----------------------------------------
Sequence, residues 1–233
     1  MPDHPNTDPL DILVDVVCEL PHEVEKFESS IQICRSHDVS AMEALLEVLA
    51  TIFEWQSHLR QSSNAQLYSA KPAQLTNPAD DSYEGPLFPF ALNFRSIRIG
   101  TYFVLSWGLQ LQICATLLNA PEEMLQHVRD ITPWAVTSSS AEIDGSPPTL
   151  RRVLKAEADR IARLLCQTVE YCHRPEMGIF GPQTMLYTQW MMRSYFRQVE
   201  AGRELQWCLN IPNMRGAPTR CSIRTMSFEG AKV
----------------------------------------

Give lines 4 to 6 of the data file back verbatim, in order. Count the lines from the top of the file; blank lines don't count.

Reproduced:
   101  TYFVLSWGLQ LQICATLLNA PEEMLQHVRD ITPWAVTSSS AEIDGSPPTL
   151  RRVLKAEADR IARLLCQTVE YCHRPEMGIF GPQTMLYTQW MMRSYFRQVE
   201  AGRELQWCLN IPNMRGAPTR CSIRTMSFEG AKV